Gluten has been shown to have deleterious effects on the average adult’s digestive system. But our dietary needs differ from childhood to adulthood. Could gluten-rich foods be an important part of a child’s diet.
An Analogy: The Role of Dairy in our Diets:
It’s a well known fact that the majority of humans cannot digest the main sugar in dairy products (Lactose). While a majority of people of European descent have developed a mutation that enables them to break down dairy, people of African and Asian descent almost universally cannot.
But most of us can digest lactose when we are children.
As we become adults, we lose this ability to digest milk. The evolutionary reasons seem obvious: as babies we are nourished by breast-milk, but we no longer need that nourishment as we become adults. Evolution didn’t count on us making cow’s milk a regular part of our diet.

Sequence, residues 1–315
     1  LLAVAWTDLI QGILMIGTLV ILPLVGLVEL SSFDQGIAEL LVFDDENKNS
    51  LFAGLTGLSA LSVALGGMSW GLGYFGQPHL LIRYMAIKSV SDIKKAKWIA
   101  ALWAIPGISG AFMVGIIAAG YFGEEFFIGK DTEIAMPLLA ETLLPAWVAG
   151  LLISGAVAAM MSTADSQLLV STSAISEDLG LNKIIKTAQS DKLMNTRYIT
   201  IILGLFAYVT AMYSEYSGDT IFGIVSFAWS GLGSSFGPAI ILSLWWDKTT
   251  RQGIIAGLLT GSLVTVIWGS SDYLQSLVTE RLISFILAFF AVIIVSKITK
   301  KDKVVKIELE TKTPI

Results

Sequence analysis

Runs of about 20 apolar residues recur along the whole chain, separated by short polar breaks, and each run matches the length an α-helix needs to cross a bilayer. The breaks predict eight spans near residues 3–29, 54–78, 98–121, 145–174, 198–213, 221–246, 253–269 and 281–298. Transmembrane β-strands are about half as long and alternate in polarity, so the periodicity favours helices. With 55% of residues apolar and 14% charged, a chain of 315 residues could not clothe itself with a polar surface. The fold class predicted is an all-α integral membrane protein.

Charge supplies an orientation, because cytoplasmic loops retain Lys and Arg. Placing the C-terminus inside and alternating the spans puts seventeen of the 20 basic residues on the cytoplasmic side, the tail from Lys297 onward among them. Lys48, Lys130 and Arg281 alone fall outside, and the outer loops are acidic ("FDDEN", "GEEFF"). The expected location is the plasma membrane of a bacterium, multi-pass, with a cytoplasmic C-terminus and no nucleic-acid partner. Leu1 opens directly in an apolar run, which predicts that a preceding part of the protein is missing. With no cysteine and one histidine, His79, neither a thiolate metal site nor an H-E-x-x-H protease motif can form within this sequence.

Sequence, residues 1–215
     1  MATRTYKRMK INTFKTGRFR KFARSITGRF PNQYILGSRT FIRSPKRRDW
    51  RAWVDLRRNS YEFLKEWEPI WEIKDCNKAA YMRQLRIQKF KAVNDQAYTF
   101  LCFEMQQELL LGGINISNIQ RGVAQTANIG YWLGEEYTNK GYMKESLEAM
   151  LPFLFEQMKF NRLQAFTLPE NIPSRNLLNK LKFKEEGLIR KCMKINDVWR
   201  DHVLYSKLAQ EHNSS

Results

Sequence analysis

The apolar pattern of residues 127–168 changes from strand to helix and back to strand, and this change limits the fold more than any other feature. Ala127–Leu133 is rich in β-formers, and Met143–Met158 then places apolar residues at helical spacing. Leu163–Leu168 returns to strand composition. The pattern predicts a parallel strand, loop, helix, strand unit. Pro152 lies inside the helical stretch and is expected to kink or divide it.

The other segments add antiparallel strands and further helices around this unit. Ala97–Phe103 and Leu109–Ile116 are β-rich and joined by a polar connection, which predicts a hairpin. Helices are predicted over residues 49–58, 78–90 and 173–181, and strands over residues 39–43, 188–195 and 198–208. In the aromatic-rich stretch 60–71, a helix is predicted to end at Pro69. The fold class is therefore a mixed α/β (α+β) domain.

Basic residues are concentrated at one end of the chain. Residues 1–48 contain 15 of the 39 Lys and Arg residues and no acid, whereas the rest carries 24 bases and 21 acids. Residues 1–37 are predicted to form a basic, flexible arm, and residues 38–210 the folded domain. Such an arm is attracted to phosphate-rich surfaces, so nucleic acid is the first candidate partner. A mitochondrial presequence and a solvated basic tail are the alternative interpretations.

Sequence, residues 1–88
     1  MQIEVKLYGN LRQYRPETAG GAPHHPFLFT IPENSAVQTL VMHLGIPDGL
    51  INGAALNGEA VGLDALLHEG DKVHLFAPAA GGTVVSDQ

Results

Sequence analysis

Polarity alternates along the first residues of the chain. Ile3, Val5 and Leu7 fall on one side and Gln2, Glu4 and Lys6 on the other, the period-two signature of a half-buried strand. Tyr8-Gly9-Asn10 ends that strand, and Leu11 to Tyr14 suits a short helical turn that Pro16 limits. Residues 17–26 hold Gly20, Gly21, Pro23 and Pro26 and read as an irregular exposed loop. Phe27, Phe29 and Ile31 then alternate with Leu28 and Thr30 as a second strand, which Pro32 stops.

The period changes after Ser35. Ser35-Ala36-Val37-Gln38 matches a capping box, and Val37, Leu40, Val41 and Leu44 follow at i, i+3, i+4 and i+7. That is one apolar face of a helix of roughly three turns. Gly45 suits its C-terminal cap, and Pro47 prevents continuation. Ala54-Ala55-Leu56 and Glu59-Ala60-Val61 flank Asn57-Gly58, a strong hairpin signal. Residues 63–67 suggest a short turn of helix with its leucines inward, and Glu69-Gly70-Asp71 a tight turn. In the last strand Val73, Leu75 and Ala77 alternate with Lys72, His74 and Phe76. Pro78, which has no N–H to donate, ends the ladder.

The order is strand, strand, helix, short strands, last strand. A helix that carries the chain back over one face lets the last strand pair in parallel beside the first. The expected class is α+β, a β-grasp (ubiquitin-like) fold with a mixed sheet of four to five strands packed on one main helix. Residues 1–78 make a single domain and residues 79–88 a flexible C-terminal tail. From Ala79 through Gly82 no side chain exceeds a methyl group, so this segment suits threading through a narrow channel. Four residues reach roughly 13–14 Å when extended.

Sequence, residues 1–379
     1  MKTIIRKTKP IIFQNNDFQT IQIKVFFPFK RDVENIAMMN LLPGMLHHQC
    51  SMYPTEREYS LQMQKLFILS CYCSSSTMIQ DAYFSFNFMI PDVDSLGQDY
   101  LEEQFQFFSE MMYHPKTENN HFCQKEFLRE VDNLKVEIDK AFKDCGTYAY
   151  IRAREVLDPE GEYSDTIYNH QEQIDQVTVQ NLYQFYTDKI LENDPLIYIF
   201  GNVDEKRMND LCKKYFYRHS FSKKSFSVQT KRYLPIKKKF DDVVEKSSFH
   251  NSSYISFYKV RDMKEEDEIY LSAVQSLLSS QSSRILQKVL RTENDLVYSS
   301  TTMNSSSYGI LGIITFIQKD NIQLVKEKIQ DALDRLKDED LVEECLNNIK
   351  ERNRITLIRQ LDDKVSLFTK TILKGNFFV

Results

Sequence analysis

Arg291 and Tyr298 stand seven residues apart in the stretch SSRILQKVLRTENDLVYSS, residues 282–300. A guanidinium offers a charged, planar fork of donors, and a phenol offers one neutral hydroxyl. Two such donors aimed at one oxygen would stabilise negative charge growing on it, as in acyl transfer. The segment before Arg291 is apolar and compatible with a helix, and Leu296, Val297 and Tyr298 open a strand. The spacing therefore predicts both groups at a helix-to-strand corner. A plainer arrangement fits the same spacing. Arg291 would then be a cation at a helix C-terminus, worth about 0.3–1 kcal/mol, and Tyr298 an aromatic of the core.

So the question is: does gluten play a similar role in our diet? Perhaps wheat products are great for when you are a child, at home, growing food and eating it while the adult hunter-gatherers head out to capture meat and nuts to feed their families.
If this were true, then we’d see a pronounced different in gluten-intolerance in adults as compared to children. Unfortunately there isn’t much known about gluten and how it affects the body. While we know about Coeliacs and their life-threatening allergy, there are other forms of gluten allergies that express themselves via inflammation and hives.
Of course children’s sensitivities to gluten were one of the reasons it was first discovered in the first place. In the 1940’s a Dutch Paediatrician noticed that a bread shortage led to the improved health of several children who were chronically sick.